Imagining Human Rights
by Susanne Kaul, David Kim
Publisher: De Gruyter Open Ltd 2015
Number of pages: 227
Why are human rights considered inviolable norms of justice although more than hundred countries around the globe violate them? This paradox seems reducible to the discrepancy between idealism and reality in humanitarian affairs, but Imagining Human Rights complicates this picture by offering interdisciplinary perspectives on the imaginary status of human rights on their power and limitation alike.
Home page url
Download or read it online for free here:
(multiple PDF files)
by Sonja Schillings - Dartmouth College Press
The book draws attention to a century-old narrative pattern that not only underlies the legal category of enemies of the state, but more generally informs interpretations of imperial expansion, and protest against government-sponsored oppression.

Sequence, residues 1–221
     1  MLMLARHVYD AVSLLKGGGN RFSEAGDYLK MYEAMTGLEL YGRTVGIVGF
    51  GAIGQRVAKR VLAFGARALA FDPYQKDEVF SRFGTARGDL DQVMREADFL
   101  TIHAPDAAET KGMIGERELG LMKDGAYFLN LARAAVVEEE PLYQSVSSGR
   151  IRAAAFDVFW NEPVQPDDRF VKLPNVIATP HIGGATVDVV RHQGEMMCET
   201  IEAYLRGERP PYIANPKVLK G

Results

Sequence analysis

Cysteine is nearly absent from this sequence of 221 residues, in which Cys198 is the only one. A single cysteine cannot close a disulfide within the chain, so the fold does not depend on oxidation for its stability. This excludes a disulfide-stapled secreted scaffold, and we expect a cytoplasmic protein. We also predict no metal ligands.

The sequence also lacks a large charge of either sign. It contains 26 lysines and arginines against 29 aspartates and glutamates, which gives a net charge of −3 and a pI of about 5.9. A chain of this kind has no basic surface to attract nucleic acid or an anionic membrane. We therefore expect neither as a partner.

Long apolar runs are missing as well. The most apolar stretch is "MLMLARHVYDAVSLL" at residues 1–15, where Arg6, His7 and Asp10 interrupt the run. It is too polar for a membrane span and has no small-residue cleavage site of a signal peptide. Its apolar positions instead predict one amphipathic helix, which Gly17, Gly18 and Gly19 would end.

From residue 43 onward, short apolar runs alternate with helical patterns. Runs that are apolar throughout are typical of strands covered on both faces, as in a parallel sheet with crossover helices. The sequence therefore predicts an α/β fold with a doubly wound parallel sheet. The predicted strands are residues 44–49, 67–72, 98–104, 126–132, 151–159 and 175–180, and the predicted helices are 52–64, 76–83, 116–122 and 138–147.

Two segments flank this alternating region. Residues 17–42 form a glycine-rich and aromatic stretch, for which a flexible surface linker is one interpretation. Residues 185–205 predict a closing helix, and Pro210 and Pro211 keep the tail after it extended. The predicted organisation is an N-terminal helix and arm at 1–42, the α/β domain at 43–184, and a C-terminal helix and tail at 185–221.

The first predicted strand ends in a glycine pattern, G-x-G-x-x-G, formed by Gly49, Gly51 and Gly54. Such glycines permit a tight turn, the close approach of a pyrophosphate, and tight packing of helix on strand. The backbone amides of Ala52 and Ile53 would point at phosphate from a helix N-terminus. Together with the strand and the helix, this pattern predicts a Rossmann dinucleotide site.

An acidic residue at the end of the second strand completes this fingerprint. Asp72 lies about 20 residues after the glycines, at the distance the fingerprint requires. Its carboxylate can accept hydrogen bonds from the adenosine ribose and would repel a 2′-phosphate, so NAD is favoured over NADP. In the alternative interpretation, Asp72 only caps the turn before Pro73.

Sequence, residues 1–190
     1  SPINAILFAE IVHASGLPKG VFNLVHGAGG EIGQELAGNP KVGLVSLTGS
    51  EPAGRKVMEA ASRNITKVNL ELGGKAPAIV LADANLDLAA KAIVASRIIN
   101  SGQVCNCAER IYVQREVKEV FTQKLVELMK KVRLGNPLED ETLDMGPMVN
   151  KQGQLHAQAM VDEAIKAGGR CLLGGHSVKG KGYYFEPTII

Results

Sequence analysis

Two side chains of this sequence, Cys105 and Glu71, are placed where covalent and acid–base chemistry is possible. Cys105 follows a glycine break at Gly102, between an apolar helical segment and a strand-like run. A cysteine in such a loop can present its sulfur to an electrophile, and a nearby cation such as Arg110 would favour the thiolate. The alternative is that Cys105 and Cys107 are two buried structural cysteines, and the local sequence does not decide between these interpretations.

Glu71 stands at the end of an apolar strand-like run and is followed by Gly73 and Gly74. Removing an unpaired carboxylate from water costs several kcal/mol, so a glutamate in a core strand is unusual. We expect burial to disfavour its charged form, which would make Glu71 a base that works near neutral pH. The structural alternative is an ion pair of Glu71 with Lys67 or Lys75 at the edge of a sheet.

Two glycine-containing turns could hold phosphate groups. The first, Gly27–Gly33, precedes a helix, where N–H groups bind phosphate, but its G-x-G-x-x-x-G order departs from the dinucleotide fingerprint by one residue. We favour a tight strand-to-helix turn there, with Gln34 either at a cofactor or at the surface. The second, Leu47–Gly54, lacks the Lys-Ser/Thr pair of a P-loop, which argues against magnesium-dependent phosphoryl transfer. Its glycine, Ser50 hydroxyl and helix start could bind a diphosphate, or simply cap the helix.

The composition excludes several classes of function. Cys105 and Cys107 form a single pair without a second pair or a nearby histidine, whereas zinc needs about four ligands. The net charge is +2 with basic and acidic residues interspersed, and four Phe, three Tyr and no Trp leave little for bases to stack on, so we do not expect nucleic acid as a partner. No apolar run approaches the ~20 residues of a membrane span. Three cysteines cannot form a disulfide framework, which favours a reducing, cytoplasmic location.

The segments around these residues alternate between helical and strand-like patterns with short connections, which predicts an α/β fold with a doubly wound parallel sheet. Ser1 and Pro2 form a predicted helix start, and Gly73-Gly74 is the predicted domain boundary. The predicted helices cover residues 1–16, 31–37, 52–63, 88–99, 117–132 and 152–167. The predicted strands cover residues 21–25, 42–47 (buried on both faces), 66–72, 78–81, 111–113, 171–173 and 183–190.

by Ian Vasquez, Tanja Porcnik - Fraser Institute
The Human Freedom Index is the most comprehensive measure of freedom ever created for a large number of countries around the globe. It captures the degree to which people are free to enjoy major liberties such as freedom of speech, religion, etc.
by Todd Landman - Bloomsbury Academic
The author combines an overview of the key theoretical models of democracy and human rights with a state-of-the-art survey which reports on trade-offs between achievements, set-backs and challenges in some of the world's 'hotspots'.
by Gerhard Ernst, Jan-Christoph Heilinger - De Gruyter Open
The book identifies two major issues that call for conceptual clarification in order to better understand human rights claims: the question of how to justify human rights and the tension between universal normative claims and particular moralities.